"The longer you were exposed to those waters, the more risk you assumed," says Olympic historian Robert K. Barney, co-author of a paper on the 1904 aquatic events. "With water polo, you were in there a lot. It's possible that these stories are apocryphal, but there is some strong suggestion that two or three of the U.S. water polo players died because of their exposure to that E. coli-infested water."
In a more immediate sense, swimmers in St. Louis were hindered by the absence of such modern aides as starting blocks and lane lines. That, though, was hardly surprising. The Olympics in the early part of the 20th century were routinely haphazard in organization, and the history books are thick with stories of similarly poor planning.
At the 1900 Games in Paris, the discus event took place in a narrow space between two rows of trees, whose limbs caught some of the throws. Twelve years later, the cycling time trial in Stockholm extended for a wildly ambitious 196 miles. Cross-country running was taken off the Olympic schedule altogether after a 1924 debacle in which fewer than half the entrants made it to the end of a course that featured knee-high thistles and a close encounter with a power plant belching fumes.
More recent examples of inadequate Olympic venues are harder to come by and generally less dramatic. Even host nations who struggled to complete building works on time -- such as Montreal in 1976 and Athens in 2004 -- managed to ensure the events themselves were not compromised.
Besides sailing, there have been only occasional instances of venues failing to provide athletes with good conditions for competing. The most glaring such case came at the 2000 Olympics in Sydney, where the vault apparatus was set 5 centimeters too low for the final of the women's all-around gymnastics competition.
This mistake might have gone unnoticed if not for Australia's Allana Slater. Two groups of gymnasts had completed their rotations on the vault and committed an unusually high number of errors before Slater got ready to compete with the third group. She had been too focused on herself to notice her rivals' struggles, but as soon as she lined up for a practice run, she noticed that something was not right.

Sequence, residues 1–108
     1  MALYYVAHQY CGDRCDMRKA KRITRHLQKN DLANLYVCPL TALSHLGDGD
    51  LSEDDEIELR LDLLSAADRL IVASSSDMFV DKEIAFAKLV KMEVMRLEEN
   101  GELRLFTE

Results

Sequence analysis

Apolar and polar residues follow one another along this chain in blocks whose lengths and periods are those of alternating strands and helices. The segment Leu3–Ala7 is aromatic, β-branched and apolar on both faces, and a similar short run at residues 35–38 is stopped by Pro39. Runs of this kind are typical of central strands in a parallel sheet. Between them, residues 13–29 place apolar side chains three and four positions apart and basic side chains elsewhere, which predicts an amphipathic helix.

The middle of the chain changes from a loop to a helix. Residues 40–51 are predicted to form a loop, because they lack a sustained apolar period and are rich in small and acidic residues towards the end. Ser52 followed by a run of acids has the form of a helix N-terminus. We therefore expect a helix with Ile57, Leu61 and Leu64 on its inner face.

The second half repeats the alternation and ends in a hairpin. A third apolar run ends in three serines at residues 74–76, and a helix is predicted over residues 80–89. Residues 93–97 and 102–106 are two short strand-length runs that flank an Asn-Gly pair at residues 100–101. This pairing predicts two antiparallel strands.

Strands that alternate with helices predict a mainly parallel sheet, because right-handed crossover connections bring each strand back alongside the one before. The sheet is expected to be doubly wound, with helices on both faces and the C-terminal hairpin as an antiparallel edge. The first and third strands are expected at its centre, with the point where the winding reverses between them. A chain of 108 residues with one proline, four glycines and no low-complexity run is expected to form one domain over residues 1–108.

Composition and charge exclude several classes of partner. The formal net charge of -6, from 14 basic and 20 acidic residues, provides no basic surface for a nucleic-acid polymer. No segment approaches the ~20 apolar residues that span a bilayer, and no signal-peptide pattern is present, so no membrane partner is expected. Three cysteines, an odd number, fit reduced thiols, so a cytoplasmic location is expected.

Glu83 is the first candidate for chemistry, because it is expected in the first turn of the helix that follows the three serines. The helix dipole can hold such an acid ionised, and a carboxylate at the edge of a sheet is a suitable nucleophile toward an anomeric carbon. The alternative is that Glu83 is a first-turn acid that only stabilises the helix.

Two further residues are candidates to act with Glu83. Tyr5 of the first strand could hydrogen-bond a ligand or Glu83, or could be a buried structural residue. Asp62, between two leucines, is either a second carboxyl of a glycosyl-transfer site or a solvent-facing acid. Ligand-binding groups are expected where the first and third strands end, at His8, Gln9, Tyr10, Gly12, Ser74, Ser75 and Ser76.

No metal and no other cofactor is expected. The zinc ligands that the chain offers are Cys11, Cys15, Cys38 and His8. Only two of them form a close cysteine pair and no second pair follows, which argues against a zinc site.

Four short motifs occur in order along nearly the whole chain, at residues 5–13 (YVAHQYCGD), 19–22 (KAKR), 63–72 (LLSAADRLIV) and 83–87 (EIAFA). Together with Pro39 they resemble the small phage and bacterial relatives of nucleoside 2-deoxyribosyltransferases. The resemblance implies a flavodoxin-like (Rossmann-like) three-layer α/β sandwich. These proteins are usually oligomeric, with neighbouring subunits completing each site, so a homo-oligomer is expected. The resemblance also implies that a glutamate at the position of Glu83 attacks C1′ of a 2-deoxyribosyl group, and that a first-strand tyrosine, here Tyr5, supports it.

"I was standing at the end of the vault run, and I remember saying to some of the girls, 'Does the vault look low to you?'" Slater says. "I don't know if they didn't understand me, speaking in English, or they just weren't sure, but as I did my one warm-up turn, I knew.
"I was quite a short gymnast, so I was always going up onto the vault. All of a sudden, I'm going down onto into it instead. As soon as I landed, I tried to tell my coach, and he's like, 'Allana, get off the mat!' I just remember thinking, 'I'm not getting off here until they've measured it because there's no way this is right.'"
Officials were summoned and quickly confirmed the mistake. The vault was adjusted to its proper height, and all athletes who had been affected were offered the chance for a do-over. For some, though, the damage had already been done. Great Britain's Annika Reeder was forced to withdraw after she got injured on a bad landing, and others had gone on to make further mistakes as they tried to compensate for their poor vault scores.
"I really do feel for the athletes for whom that was the first apparatus," Slater says. "It may have totally spun them out for the rest of the final. I know that Svetlana Khorkina was a front-runner at the 2000 Olympics, going for the gold medal in the all-around. She made an error due to the vault height being wrong, and that unfortunately led to another error on the next apparatus."
A subsequent investigation by the governing body of gymnastics found that the vault had been set too low as a result of human error. Additional controls were put in place to make sure that could not be repeated at future events.
In the grand scheme of Olympic history, such a story is no great scandal. Officials in Sydney were neither as negligent as those in St Louis 112 years ago nor as slow in reacting to criticism as those in Rio have been with this summer's sailing event. But for the likes of Khorkina and Reeder, those 5 centimeters made all the difference in the world.